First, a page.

• groundwater (drinking water supply) where they contribute to eutrophication, salinity, and nitrate contamination.

The foliar application is not designed to replace soil fertilizer application of Ca, but rather to increase its efficacy. As mentioned above, there are many factors such as environmental conditions, wetting agents and leafage, that influence the effectivity of foliar calcium applications.

The phenological phase of the tree also determines which elements need to thrive, and care should be taken to ensure that foliar applications are applied during the correct growth stages.

The lower side of a leaf can absorb more nutrients than the top side. It is therefore essential to wet the entire leaf when applying foliar calcium spray. Broad-leaved species absorb foliar applications only when leaves are wet and the foliar application must therefore be applied in combination with a wetting agent. It is recommended that foliar sprays of calcium are repeated as often as possible, because of calcium’s tendency to fixate in the cell once absorbed.

The availability of a range of new organically complexed calcium products presents a solution to the immobility of calcium in the leaf. These products have been formulated to give excellent uptake and minimal phytotoxicity. The characteristics of each element must therefore be considered before application.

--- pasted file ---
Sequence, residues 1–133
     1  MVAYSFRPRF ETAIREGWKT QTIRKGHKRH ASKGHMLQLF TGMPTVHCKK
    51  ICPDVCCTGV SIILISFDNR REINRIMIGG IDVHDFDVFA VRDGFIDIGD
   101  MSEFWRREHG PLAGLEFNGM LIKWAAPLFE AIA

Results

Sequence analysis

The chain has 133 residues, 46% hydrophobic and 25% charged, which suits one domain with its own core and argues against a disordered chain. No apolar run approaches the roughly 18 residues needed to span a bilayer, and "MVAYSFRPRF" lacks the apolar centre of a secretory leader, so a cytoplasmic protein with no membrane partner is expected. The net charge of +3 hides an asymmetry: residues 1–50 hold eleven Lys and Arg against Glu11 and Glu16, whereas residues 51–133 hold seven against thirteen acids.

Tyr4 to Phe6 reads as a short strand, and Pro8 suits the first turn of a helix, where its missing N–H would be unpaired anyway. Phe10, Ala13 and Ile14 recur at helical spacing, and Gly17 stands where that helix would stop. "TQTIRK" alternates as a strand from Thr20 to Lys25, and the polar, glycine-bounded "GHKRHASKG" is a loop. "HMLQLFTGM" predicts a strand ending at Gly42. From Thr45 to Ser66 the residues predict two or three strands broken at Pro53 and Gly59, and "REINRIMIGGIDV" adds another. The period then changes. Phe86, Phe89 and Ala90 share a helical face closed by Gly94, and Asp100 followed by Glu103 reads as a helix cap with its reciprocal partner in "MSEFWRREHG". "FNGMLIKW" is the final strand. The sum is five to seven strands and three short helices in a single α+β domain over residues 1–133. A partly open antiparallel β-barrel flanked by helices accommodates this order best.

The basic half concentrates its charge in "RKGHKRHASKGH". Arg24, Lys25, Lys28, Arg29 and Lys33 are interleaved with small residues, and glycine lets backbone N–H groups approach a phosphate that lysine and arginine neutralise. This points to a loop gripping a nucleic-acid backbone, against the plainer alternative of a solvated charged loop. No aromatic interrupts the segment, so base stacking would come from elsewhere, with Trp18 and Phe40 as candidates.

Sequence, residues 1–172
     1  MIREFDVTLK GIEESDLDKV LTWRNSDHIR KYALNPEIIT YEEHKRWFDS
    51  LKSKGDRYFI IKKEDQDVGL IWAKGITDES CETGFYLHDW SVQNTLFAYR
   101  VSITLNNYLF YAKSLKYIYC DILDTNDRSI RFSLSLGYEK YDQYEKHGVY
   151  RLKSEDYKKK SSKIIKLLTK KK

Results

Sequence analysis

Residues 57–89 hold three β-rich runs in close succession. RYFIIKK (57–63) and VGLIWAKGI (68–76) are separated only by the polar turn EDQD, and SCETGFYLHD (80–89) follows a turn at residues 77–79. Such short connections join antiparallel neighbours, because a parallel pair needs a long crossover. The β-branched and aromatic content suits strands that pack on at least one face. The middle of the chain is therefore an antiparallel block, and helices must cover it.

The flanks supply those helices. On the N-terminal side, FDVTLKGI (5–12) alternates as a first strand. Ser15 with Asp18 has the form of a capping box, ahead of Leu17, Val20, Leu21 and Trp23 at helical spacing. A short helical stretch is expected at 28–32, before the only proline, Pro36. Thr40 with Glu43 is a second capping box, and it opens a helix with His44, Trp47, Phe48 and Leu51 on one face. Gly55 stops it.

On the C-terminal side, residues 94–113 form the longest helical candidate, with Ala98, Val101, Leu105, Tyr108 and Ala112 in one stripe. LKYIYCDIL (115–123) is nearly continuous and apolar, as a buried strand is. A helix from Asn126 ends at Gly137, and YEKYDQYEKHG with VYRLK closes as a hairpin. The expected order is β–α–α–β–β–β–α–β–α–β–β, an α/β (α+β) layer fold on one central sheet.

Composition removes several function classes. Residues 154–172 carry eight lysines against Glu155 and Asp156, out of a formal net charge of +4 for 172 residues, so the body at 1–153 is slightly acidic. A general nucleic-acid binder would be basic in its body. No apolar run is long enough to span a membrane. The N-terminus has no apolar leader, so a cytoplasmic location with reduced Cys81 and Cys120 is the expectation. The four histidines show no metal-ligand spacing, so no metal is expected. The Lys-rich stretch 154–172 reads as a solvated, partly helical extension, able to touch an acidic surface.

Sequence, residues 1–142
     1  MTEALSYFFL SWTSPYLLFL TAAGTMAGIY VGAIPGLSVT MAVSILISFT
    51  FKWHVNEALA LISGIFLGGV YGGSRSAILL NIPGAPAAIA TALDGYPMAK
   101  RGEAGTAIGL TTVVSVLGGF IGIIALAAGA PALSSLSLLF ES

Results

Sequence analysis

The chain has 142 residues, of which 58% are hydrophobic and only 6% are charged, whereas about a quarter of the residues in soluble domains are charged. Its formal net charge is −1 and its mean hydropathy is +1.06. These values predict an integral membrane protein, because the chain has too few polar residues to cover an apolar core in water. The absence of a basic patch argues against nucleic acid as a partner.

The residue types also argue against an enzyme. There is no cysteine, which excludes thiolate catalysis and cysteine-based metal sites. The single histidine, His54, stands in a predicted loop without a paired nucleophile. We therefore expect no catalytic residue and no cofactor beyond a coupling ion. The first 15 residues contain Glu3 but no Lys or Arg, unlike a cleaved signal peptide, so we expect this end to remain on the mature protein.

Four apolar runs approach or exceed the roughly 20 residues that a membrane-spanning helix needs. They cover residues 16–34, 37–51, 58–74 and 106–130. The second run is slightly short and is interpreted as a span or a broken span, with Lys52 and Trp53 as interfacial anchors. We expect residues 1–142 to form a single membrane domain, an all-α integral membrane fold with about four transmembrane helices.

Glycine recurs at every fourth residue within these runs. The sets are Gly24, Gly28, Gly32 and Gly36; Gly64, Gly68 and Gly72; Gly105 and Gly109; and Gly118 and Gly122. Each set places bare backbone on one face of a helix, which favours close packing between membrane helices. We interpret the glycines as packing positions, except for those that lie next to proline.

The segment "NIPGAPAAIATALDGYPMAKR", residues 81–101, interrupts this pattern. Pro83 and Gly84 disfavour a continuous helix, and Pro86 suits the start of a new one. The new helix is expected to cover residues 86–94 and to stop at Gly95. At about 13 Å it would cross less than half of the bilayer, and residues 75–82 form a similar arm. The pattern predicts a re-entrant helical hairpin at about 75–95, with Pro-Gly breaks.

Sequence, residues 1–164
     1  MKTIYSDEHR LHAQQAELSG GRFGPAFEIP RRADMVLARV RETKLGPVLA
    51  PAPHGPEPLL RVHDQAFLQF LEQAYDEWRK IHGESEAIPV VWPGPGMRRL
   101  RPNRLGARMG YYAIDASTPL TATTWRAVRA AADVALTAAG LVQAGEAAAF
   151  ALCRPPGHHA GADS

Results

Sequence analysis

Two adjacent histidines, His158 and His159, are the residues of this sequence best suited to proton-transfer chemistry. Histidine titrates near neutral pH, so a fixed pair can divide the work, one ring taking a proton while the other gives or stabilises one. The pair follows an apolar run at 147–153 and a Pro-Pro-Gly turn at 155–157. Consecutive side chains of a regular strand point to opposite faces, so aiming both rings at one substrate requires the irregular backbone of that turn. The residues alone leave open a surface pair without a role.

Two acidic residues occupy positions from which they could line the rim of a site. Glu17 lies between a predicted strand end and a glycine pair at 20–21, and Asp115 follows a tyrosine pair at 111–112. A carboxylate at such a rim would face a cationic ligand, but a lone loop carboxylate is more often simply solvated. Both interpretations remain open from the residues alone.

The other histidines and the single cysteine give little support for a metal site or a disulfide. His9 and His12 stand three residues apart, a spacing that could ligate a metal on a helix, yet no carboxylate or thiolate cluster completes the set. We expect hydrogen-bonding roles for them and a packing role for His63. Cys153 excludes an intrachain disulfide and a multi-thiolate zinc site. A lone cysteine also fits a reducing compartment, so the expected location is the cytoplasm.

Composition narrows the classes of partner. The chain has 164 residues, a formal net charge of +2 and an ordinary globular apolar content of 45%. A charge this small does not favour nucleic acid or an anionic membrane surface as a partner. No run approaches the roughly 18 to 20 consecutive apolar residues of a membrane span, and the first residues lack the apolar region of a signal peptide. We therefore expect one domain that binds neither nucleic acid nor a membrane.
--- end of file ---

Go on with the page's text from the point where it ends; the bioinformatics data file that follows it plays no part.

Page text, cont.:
Calcinator™ as profitability activator

Calcinator™ as profitability activator

In acknowledgment of the importance of adequate calcium availability for avocado production, Agri Technovation has developed unique calcium nutrition that supplements calcium in the plant (application can lower the risk of the following: fruit disorders, deformed leaves, short root systems, poor growth, leaf necrosis, and common chlorosis).

This specialized bio-stimulant product is an amino / fulvic-chelated solution that is safe, effective, leaves no residue, and most importantly: calcium is rapidly absorbed by the plant. The unique formulation helps the plant to absorb more nutrients over a shorter period. Plants can therefore grow faster and fewer nutrients go to waste.

As a liquid calcium and immune stimulant, Calcinator™ increases the profitability of producers by:

  • Increasing calcium intake
  • Reducing of fruit fall
  • Improving cell division
  • Correcting calcium deficiencies
  • Increasing disease resistance in plants by stronger cell walls
  • Promoting plant health
  • Strengthening cell walls
  • Increasing crop quality
  • Improving shelf life

By spraying calcium sprays on avocado trees at the correct phenological stage, farmers can obtain better pack out percentages at packhouses. Huge success has already been achieved by commercial avocado growers in Tzaneen. Producers in Moketsi, KwaZulu Natal, the Western Cape, Mpumalanga, and the Eastern Cape are also already applying Calcium sprays to their avocados.

For more information contact Agri Technovation on +27 21 300 0543 | or visit